Tom Byron is appearing this weekend in the play Deep Throat Sex Scandal. The veteran performer, who celebrated his 30th year in the industry in 2012, went home with an AVN Award win at the Las Vegas show last month, earning a trophy as the Best Supporting Actor for his work in Star Wars XXX: A Porn Parody (Axel Braun/Vivid). This interview with Byron ran in the December 2012 issue of AVN magazine.
Los Angeles, 1982. Ronald Reagan ran the country and Tom Bradley ran the city. But it was Russ Hampshire of VCA who ran Porn Valley. Those were different times—an era that few remember. And even fewer of those who remember still toil in the trenches of adult entertainment.
One who does is Tom Byron, who this year marked his 30th year in the business, with three decades and 2,531 titles below his belt.
On a rainy day in early October, Byron talked with AVN about his career in porn. It’s a journey that begins in the so-called Golden Age, when the term “adult film” actually referred to something that was shot on film, and traverses through the video age to the dawn of the DVD, stretching into the present, where adult movies have become “content,” consumed in forms that range from DVD to VOD to Roku.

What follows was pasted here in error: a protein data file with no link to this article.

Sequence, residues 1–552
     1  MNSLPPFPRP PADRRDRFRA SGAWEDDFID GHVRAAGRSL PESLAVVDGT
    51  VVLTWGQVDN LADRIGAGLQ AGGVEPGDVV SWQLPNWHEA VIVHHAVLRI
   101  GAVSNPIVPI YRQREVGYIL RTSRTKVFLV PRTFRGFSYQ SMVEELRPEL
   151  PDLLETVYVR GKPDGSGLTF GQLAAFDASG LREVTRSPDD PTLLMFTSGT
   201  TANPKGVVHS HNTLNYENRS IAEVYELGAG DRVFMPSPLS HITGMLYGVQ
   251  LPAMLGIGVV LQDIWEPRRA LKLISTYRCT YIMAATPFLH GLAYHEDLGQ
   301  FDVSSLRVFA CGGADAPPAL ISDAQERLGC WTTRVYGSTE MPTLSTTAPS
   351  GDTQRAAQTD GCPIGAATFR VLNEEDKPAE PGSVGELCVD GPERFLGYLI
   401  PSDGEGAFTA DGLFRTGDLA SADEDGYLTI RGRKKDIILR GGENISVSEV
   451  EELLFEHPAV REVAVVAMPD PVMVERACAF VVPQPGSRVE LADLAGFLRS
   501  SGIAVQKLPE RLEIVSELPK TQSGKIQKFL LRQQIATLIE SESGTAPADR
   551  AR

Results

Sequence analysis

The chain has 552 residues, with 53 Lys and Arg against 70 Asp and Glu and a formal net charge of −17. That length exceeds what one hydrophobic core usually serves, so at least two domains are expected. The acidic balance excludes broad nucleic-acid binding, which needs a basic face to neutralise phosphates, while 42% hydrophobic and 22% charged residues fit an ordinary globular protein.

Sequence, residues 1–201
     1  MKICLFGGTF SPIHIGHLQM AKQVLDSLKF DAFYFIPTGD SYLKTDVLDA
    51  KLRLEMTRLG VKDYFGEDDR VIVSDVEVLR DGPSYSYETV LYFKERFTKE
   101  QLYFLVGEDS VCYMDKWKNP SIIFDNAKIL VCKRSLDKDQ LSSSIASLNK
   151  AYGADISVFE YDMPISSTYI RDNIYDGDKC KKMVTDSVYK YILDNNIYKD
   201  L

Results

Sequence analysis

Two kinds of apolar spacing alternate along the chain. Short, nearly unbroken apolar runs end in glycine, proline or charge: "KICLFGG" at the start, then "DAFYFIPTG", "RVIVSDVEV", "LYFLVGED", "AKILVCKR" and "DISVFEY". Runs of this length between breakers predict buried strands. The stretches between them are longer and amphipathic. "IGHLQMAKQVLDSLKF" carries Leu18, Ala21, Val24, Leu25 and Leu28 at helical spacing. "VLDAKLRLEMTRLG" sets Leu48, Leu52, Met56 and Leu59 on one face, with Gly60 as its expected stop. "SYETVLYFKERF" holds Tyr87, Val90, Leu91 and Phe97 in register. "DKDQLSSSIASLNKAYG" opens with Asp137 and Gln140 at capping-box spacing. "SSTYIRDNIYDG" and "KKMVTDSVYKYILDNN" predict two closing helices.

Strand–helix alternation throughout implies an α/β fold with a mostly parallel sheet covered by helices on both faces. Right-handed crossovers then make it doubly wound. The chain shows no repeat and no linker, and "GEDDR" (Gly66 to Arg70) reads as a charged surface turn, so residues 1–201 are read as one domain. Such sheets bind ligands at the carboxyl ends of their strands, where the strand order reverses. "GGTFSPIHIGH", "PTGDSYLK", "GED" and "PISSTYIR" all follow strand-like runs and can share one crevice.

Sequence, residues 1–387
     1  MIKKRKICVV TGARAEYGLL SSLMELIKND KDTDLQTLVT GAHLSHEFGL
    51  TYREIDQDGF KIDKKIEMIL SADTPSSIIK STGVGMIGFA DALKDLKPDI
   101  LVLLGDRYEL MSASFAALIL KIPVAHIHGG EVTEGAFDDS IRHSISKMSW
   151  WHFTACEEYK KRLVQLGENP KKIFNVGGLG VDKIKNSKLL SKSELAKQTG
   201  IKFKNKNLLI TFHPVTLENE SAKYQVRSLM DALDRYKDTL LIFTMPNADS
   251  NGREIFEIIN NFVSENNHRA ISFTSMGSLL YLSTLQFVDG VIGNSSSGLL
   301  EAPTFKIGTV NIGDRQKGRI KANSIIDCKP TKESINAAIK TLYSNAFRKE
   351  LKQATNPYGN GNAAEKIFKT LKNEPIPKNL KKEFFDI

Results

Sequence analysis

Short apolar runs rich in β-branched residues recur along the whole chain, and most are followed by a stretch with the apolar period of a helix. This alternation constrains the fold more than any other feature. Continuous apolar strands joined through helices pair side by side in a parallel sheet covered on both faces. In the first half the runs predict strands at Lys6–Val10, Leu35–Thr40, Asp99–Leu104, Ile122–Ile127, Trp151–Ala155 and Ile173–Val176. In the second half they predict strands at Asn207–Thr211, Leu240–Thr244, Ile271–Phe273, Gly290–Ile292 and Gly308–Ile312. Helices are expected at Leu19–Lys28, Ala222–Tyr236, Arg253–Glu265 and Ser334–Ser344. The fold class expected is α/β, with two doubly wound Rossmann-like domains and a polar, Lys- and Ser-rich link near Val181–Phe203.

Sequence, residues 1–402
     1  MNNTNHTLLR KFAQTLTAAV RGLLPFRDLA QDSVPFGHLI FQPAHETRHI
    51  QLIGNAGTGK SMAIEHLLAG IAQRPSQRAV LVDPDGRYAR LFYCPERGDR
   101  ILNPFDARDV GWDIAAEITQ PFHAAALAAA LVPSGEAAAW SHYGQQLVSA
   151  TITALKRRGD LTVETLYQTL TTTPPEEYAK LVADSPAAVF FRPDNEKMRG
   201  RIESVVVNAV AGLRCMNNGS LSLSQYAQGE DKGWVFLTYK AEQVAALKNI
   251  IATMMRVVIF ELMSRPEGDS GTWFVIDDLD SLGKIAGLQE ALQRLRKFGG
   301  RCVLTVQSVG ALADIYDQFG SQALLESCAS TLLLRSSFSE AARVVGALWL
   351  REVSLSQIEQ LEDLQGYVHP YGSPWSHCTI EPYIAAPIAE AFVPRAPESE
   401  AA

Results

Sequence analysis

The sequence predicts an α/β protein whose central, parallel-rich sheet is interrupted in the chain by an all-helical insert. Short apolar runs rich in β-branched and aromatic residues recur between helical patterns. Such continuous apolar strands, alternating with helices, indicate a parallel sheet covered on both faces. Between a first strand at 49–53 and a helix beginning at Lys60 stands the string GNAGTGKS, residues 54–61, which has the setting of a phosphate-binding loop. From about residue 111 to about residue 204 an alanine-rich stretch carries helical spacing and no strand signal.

But more on that later. First, we wanted to hear about when, how and why this Texas boy made his way to Southern California.
“I got in at the very end of the film era, what they call the golden era,” Byron said of his arrival in May 1982. His interest was piqued in the 1970s in Texas, where “there were a lot of porno theaters. I decided then that this is what I wanted to do with my life.”